Antibiotic perturbation of mixed-strain Pseudomonas aeruginosa infection in patients with cystic fibrosis

Anna S. Tai, Laura J. Sherrard, Timothy J. Kidd, Kay A Ramsay, Cameron Buckley, Melanie Syrmis, Keith Grimwood, Scott C. Bell, David M. Whiley

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Background Pulmonary exacerbations in cystic fibrosis (CF) remain poorly understood and treatment is usually targeted at Pseudomonas aeruginosa. Within Australia a predominant shared P. aeruginosa strain (AUST-02) is associated with greater treatment needs. This single centre study assessed temporal shared strain population dynamics during and after antibiotic treatment of exacerbations. Methods Sputum was collected from 12 adult patients with a history of chronic AUST-02 infection at four time-points during and after treatment of an exacerbation. Forty-eight P. aeruginosa isolates within each sample underwent AUST-02 allele-specific PCR and SNP-based strain genotyping. Results Various commonly shared Australian strains (AUST-01, 0.1%; AUST-02, 54.3%; AUST-06, 36.6%; AUST-07, 4.6%; AUST-11, 4.3%) and two unique strains (0.1%) were identified from 45 sputum samples (2160 isolates). Based on within-patient relative abundance of strains, a “single-strain infection” (n = 7) or “mixed-strain infection” (n = 5) was assigned to each patient. A significant temporal variation in the P. aeruginosa population composition was found for those with mixed-strain infection (P < 0.001). Patients with mixed-strain infections had more long-term treatment requirements than those with single-strain infection. Moreover, despite both groups having similar lung function at study entry, patients with single-strain infection had greater improvement in FEV1% predicted following their exacerbation treatment (P = 0.02). Conclusion Pulmonary exacerbations may reveal multiple, unrelated P. aeruginosa strains whose relative abundance with one another may change rapidly, in a sustained and unpredictable manner.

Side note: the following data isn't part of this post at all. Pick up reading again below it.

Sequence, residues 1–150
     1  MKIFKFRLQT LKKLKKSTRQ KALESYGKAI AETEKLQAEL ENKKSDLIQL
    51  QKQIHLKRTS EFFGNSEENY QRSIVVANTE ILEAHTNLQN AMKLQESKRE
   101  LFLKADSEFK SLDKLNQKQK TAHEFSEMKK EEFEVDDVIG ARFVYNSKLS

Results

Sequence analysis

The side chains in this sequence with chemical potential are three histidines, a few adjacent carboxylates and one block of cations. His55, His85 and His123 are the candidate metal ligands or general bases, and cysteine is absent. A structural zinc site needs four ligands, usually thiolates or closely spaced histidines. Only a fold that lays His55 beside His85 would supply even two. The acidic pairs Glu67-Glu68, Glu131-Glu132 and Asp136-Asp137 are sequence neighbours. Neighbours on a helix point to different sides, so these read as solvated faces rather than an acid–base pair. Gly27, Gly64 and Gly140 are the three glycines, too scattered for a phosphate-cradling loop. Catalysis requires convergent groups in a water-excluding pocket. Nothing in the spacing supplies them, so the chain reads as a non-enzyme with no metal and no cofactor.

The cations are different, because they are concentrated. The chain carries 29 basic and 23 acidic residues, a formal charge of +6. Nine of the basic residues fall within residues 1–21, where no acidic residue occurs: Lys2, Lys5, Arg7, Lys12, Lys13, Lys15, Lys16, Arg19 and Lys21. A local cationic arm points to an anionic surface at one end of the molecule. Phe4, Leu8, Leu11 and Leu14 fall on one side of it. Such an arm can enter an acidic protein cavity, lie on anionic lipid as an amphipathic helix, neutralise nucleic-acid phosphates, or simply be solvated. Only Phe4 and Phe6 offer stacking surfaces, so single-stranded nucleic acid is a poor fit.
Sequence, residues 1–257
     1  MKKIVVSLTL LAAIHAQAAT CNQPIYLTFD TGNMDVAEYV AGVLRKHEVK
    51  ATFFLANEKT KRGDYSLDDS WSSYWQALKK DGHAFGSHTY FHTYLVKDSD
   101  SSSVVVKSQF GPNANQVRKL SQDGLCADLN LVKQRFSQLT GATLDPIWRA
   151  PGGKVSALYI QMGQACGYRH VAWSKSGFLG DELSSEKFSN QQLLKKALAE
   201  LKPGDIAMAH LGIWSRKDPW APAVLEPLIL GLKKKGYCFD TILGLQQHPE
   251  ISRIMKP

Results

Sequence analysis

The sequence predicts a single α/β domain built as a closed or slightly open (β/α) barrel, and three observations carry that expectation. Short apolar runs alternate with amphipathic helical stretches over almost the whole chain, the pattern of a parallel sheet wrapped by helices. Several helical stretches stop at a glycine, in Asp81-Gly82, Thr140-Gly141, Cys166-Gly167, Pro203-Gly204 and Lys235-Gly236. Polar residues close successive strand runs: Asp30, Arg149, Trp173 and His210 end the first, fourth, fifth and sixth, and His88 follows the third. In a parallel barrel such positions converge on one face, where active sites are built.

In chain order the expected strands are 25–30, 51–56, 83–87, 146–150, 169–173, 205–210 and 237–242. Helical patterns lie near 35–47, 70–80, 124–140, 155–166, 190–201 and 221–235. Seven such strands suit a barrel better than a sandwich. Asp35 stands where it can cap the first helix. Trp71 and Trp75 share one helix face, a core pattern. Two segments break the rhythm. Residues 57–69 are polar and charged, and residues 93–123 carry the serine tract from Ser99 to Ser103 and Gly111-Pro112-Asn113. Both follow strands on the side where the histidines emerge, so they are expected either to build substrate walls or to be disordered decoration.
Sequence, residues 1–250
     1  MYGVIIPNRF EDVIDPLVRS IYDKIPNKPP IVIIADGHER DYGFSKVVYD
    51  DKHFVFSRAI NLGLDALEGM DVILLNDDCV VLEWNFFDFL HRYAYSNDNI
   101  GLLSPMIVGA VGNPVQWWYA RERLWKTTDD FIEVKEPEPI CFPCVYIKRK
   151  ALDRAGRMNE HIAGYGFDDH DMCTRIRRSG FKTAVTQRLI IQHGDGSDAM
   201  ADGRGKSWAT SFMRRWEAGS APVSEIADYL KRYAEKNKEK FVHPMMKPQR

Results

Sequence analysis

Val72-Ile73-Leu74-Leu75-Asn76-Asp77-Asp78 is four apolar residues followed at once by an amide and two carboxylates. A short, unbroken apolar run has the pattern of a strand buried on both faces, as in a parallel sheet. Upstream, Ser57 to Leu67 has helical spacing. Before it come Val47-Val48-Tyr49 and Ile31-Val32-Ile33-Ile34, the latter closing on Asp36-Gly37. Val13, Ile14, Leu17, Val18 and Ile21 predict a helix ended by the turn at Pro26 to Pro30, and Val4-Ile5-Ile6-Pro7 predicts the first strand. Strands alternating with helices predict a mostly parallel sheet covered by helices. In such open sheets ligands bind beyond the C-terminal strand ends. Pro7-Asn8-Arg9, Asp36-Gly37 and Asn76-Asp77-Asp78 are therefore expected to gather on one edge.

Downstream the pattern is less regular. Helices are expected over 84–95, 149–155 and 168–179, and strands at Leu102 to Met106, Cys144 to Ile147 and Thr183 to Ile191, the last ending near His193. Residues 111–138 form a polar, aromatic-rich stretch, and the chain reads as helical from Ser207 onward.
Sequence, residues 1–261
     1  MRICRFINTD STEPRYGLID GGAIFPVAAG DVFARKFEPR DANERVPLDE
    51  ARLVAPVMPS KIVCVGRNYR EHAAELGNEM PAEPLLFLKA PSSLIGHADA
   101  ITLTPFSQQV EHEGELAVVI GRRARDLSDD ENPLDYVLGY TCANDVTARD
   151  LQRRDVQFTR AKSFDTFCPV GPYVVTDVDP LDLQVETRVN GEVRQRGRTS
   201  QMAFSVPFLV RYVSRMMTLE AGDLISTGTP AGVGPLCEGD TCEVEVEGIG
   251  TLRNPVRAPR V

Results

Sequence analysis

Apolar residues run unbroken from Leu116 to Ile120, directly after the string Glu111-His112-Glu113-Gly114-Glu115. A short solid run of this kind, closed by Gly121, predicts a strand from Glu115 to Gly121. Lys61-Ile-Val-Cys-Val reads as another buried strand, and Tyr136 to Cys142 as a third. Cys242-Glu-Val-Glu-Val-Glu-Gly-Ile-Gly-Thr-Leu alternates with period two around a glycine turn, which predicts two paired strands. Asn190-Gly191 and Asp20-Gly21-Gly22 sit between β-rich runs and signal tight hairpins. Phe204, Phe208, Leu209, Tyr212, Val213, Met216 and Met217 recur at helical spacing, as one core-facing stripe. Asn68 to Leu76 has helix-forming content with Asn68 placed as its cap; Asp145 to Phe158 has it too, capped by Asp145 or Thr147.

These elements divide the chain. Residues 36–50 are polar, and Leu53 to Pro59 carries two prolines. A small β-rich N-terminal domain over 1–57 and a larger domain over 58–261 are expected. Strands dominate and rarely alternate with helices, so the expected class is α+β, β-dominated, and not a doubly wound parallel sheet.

Original languageEnglish
Article number138
JournalBMC Pulmonary Medicine
Publication statusPublished - 02 Nov 2017


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